HUD contends that, because it "was aware of certain problems connected with [the Hillside] loan, as well as the HUD OIG audit and an accompanying grand jury investigation, "HUD took no immediate action on this election." Miller Decl. ¶ 12. On December 21, 2004, HUD responded to Suburban's notice of election, noting that "we understand that there are numerous liens that may affect the priority of the lien covering the Hillside Health Center loan," and that "we cannot commence consideration of the acceptance of the assignment of the Hillside Health Center loan until you provide us with satisfactory evidence that the loan is a valid first lien and warrant in writing that no act or omission by you has impaired its validity." Id., attach. 2.

  An attorney representing Suburban replied to HUD on January 5, 2005, responding to various title issues, denying that Suburban committed any fraud or misrepresentation, contending that "HUD is improperly using a borrower default as a basis to deny coverage to an insured lender," and demanding that HUD accept Suburban's election of assignment. Id., attach 3. Suburban filed suit in this court on April 29, 2005, seeking a court order compelling HUD to accept its election. That same day, then-FHA Commissioner John Weichert wrote to J. Walsh Richards, Jr., Suburban's president, stating that "[y]our election i[s] rejected on the ground of fraud or material misrepresentation . . . as well as on other grounds relating to the terms of the contract." Id., attach. 4.


  A. Subject Matter Jurisdiction

  Subject matter jurisdiction is a "threshold matter" for the court to resolve, because, in its absence "the court cannot proceed at all in any cause." Steel Co. v. Citizens for a Better Environment, 523 U.S. 83, 94 (1998) (quoting Ex parte McCardle, 74 U.S. 506, 514 (1868)). HUD contends that the court lacks subject matter jurisdiction over Suburban's suit because it is, "in reality, a breach of contract suit in which the plaintiff is attempting to get money out of the Government," Defs.' Mot. to Dismiss at 21, and therefore may only be heard by the Court of Federal Claims. Suburban responds that it is in fact seeking "specific relief" from HUD's "unconstitutional, final agency action," Pl.'s Opp'n at 2, 7, and is properly before this court.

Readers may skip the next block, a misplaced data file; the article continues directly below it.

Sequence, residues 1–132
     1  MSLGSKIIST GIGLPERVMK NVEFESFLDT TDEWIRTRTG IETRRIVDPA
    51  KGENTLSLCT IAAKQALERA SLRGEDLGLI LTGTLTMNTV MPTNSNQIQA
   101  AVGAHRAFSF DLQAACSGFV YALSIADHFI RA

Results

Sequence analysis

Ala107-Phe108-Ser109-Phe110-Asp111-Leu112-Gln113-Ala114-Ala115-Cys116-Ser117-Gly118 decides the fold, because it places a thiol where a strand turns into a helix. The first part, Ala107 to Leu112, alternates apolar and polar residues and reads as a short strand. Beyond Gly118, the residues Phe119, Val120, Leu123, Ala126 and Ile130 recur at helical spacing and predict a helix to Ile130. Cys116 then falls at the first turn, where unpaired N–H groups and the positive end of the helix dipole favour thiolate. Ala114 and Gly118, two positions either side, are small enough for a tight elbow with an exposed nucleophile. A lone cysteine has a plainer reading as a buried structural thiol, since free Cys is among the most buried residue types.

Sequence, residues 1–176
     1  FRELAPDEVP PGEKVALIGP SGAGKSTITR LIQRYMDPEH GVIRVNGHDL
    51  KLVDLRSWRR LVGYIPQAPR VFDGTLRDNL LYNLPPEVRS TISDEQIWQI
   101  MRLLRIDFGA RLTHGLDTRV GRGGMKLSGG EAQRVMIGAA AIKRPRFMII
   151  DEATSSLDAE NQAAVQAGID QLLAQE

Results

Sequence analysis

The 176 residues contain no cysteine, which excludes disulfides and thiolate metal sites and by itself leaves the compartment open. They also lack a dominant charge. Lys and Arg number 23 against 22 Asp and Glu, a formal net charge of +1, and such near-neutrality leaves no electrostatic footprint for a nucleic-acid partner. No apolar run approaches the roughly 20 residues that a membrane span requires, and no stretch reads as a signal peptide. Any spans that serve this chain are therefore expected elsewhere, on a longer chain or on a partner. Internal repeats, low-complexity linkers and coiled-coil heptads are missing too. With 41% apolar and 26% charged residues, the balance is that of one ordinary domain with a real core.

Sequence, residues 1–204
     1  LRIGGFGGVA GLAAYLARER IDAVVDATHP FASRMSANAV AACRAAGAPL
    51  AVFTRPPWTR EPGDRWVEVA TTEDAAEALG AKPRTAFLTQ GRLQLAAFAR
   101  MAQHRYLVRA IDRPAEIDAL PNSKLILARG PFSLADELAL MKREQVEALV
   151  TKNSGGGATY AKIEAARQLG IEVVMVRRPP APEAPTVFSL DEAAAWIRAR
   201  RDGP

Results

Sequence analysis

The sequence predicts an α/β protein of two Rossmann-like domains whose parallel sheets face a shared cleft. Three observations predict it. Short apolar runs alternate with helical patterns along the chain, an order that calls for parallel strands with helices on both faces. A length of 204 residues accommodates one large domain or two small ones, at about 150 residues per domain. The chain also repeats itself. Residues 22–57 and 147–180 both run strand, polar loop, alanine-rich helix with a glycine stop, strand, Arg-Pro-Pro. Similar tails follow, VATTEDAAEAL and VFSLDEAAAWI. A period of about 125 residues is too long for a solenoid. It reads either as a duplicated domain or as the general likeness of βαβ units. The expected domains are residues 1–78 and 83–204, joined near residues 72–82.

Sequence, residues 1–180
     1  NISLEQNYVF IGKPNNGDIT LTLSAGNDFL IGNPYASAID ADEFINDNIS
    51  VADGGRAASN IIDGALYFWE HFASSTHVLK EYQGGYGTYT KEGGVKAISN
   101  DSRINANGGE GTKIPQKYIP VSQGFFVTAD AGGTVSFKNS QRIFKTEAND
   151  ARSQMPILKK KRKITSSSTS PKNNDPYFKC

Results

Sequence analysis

When facing a motion to dismiss for lack of subject matter jurisdiction, the plaintiff bears the burden of establishing the court's jurisdiction. Lujan v. Defenders of Wildlife, 504 U.S. 555, 561 (1992). The court, however, should only dismiss a complaint on such grounds "if it appears beyond doubt that the plaintiff can prove no set of facts in support of [its] claim which would entitle [it] to relief." Richardson v. United States, 193 F.3d 545, 549 (D.C. Cir. 1999) (quotation omitted).

  As an initial matter, "sovereign immunity shields the Federal Government and its agencies from suit." FDIC v. Meyer, 510 U.S. 471, 475 (1994). To establish the court's subject matter jurisdiction in an action against the United States, the plaintiff must identify "an explicit statutory waiver" to federal sovereign immunity. Bancoult v. McNamara, 227 F. Supp. 2d 144, 148 (D.D.C. 2002) (citing Meyer, 510 U.S. at 475; Lane v. Peña, 518 U.S. 187, 192 (1996); Galvan v. Fed. Prison Indus., Inc., 199 F.3d 461, 463-64 (D.C. Cir. 1999)). The Administrative Procedure Act provides a waiver of sovereign immunity for persons "adversely affected or aggrieved by agency action within the meaning of a relevant statute," provided that such persons are "seeking relief other than money damages." 5 U.S.C. § 702. The APA is inapplicable, however, "if any other statute that grants consent to suit expressly or impliedly forbids the relief which is sought." Id. The APA also limits judicial review of agency action to situations where "there is no other adequate remedy in a court," id. § 704. In sum, then, "the APA excludes from its waiver of sovereign immunity (1) claims for money damages, (2) claims for which an adequate remedy is available elsewhere, and (3) claims seeking relief expressly or impliedly forbidden by another statute." Transohio Savings Bank v. Office of Thrift Supervision, 967 F.2d 598, 607 (D.C. Cir. 1993). The court next considers whether any of these three APA exclusions apply to Suburban's claims.

  1. Money Damages